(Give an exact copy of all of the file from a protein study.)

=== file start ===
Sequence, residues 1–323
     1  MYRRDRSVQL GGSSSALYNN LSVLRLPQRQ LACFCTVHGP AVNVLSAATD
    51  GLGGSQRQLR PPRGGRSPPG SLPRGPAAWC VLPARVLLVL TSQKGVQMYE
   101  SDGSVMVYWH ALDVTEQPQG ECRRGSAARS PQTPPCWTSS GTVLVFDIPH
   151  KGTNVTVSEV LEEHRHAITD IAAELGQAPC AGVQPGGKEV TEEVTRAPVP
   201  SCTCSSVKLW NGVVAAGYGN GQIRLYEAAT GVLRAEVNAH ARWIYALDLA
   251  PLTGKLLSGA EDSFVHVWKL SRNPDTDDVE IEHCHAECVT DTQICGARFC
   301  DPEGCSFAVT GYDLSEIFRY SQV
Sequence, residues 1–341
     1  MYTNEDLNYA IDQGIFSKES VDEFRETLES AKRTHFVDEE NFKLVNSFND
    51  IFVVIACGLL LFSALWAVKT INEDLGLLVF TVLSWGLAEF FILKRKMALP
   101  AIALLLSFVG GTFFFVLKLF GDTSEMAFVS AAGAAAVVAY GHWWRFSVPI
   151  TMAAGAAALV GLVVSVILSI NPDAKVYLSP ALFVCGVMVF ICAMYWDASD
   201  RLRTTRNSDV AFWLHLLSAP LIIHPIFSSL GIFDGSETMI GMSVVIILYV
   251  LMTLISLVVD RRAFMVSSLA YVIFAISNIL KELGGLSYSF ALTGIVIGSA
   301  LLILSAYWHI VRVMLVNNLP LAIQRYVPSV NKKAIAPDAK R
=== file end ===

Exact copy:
Sequence, residues 1–323
     1  MYRRDRSVQL GGSSSALYNN LSVLRLPQRQ LACFCTVHGP AVNVLSAATD
    51  GLGGSQRQLR PPRGGRSPPG SLPRGPAAWC VLPARVLLVL TSQKGVQMYE
   101  SDGSVMVYWH ALDVTEQPQG ECRRGSAARS PQTPPCWTSS GTVLVFDIPH
   151  KGTNVTVSEV LEEHRHAITD IAAELGQAPC AGVQPGGKEV TEEVTRAPVP
   201  SCTCSSVKLW NGVVAAGYGN GQIRLYEAAT GVLRAEVNAH ARWIYALDLA
   251  PLTGKLLSGA EDSFVHVWKL SRNPDTDDVE IEHCHAECVT DTQICGARFC
   301  DPEGCSFAVT GYDLSEIFRY SQV
Sequence, residues 1–341
     1  MYTNEDLNYA IDQGIFSKES VDEFRETLES AKRTHFVDEE NFKLVNSFND
    51  IFVVIACGLL LFSALWAVKT INEDLGLLVF TVLSWGLAEF FILKRKMALP
   101  AIALLLSFVG GTFFFVLKLF GDTSEMAFVS AAGAAAVVAY GHWWRFSVPI
   151  TMAAGAAALV GLVVSVILSI NPDAKVYLSP ALFVCGVMVF ICAMYWDASD
   201  RLRTTRNSDV AFWLHLLSAP LIIHPIFSSL GIFDGSETMI GMSVVIILYV
   251  LMTLISLVVD RRAFMVSSLA YVIFAISNIL KELGGLSYSF ALTGIVIGSA
   301  LLILSAYWHI VRVMLVNNLP LAIQRYVPSV NKKAIAPDAK R